Autism falls on a spectrum with a wide range of conditions, encompassing challenges and differences with social skills, behavior, speech, and nonverbal communication. When a child is born, it’s difficult to detect if there are any signs of Autism or another neurological condition. However, as your child grows up, some behaviors will become more prominent.
Here are five signs to look for if you suspect your child has Autism, as well as some resources to help you along the way!
Not Responding To Names
One of the basic ways to get your child’s attention is by calling their name. However, if they don’t respond to this, it means they have not developed a relationship with it and could have a hard time understanding how to connect it.
This is, of course, not the only way to learn if your child might have Autism because it could also relate to a language disorder, especially when they are still young. Still, it’s good to get a jump start and take your kid to a pediatrician if they aren’t responding close to their first birthday.
Avoiding Eye Contact
Avoiding eye contact is an early indicator of Autism. This will create social deficits for a child, like social and occupational impediments. Eye contact has a strong emotional and psychological reaction, meaning that the child with Autism will feel invaded and have a sensory overload. Parent training for Autism is important for you to learn how to deal with new and specific situations as well as support your child along the journey (without overwhelming them!).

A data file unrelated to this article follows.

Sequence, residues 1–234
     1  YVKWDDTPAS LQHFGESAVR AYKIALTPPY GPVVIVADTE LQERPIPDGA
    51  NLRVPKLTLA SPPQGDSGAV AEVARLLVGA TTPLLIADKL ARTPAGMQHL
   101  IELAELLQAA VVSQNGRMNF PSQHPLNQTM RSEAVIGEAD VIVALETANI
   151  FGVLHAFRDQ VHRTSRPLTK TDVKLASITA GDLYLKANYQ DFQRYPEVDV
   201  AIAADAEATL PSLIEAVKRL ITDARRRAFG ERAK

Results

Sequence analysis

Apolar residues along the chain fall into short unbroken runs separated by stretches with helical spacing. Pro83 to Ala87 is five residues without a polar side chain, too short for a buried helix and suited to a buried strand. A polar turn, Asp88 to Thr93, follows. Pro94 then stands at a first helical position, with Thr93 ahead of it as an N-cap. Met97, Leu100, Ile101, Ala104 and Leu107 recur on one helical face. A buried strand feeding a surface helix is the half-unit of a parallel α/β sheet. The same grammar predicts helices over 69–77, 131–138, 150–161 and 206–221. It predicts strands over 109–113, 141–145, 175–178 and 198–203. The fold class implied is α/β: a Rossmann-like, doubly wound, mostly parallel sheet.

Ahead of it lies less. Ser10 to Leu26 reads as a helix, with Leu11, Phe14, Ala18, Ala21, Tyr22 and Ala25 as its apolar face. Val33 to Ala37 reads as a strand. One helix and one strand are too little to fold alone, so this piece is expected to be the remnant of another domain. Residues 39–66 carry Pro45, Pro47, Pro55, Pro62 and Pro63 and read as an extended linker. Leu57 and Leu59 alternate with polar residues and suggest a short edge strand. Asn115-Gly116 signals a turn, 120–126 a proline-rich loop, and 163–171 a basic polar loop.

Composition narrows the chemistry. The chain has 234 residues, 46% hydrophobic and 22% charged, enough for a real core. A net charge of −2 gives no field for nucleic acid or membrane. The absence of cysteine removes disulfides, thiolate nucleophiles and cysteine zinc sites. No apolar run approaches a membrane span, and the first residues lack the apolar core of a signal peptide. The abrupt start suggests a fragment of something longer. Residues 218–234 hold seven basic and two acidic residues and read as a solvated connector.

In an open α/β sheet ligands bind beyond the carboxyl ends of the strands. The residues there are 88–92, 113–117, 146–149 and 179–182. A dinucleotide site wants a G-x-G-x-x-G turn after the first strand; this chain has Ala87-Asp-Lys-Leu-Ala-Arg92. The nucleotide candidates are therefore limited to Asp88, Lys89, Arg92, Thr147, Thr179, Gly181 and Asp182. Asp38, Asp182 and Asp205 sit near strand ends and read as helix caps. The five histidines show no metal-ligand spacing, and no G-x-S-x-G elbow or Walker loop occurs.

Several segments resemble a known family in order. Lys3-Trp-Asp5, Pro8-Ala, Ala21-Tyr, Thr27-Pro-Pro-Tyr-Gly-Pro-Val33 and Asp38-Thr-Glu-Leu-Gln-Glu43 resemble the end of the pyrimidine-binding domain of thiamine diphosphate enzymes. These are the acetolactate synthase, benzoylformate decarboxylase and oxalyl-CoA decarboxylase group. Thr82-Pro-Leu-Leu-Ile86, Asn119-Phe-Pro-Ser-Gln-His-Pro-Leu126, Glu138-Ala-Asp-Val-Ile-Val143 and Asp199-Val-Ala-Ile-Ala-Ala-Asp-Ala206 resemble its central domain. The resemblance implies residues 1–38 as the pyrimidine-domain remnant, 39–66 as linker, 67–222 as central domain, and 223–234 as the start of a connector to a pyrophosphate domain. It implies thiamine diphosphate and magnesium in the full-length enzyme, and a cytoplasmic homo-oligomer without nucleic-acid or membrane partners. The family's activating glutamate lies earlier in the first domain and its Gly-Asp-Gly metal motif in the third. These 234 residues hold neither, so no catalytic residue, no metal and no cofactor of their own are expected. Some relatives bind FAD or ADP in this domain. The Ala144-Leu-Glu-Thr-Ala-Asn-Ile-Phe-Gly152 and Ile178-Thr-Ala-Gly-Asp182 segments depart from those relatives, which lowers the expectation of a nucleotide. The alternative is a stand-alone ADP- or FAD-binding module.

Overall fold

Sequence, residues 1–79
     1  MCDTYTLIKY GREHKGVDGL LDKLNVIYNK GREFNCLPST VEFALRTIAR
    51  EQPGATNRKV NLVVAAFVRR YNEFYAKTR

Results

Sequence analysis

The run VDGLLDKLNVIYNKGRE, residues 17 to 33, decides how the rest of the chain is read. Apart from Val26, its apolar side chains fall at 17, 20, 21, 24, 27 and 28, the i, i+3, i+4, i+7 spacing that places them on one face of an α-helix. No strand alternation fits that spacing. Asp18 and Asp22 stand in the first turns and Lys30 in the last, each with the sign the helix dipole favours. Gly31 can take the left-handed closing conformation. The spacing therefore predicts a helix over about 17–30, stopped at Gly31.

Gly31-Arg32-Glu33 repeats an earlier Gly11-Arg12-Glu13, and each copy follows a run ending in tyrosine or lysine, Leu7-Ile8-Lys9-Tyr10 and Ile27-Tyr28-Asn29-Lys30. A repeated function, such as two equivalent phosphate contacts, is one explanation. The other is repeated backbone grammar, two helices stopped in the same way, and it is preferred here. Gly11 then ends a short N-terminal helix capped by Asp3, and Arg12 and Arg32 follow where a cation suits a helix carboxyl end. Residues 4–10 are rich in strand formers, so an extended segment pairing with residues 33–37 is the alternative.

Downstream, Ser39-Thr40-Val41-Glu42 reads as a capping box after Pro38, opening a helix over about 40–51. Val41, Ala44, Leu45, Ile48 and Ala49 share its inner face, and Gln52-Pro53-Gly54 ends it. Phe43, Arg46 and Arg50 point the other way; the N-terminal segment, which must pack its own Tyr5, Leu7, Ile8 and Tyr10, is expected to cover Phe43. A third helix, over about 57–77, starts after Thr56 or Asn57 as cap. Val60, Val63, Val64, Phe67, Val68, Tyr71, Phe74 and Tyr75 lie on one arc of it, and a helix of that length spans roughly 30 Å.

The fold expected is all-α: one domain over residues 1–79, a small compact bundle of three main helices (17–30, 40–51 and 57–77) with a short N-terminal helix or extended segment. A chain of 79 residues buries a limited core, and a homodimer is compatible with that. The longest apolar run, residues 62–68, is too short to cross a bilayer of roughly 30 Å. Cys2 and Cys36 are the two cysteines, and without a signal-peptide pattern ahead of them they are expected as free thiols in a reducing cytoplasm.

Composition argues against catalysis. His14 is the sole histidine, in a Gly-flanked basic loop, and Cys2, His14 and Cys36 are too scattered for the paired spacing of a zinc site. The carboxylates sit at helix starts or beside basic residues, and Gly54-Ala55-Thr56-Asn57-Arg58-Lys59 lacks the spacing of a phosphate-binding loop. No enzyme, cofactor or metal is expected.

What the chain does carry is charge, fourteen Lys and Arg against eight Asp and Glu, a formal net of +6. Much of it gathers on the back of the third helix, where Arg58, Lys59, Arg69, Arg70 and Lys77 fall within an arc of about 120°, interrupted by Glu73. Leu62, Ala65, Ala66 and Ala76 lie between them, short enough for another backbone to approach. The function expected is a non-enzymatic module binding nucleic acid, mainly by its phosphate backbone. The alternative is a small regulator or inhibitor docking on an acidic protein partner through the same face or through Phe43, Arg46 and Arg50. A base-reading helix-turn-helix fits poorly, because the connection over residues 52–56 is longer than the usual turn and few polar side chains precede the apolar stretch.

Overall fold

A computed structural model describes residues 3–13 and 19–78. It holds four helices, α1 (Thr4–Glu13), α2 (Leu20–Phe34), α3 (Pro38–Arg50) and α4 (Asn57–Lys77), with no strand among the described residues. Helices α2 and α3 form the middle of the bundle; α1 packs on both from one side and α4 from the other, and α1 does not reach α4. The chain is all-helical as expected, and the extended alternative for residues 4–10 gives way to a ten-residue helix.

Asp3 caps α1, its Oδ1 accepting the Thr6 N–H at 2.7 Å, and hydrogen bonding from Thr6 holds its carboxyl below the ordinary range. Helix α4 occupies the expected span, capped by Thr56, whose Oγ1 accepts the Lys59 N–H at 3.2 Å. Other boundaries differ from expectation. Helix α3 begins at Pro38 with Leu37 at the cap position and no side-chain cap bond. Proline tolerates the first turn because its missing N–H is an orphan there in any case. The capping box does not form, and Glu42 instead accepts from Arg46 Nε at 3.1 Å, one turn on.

Getting Very Upset
Certain situations can cause a child with Autism to become upset, like smelling something they don’t like or hearing specific sounds. This is because they understand the world differently. They have a hard time learning the meaning of facial expressions, body language, and sometimes what you say to them, resulting in frustration and anxiety that could lead to distress behavior.
‘Overwhelm’ or emotional distress are one of the biggest signs to look for if you suspect your child has Autism. If you notice this, talk to your child’s doctor and/or support team (behavior specialists, occupational/physical therapists, etc.) to seek their advice, counsel, and recommendations.
Repetitive movements are another sign to look for if you suspect your child has Autism. Children on the spectrum will repeat movements with their hands, such as fidgeting with objects, clapping, twirling items between their fingers, jumping, walking on toes, or rocking the body back and forth. This is because they are trying to understand how the body works and find their own way to regulate.
Difficulty Connecting With Emotions
This is a hard task to do, even for some adults. Children with Autism have difficulty expressing how they feel and even understanding what a feeling is. Sometimes a child won’t respond emotionally to a situation, or the emotional response might be over the top. They have a hard time controlling and managing those emotions.
Pay attention to your child’s emotional reaction and potential triggers, if they have a hard time recognizing, processing, or expressing emotions, it may mean they need a bit more support in that area as they grow.
To learn more about parenting children with disabilities and/or special needs, head to our Special Needs page!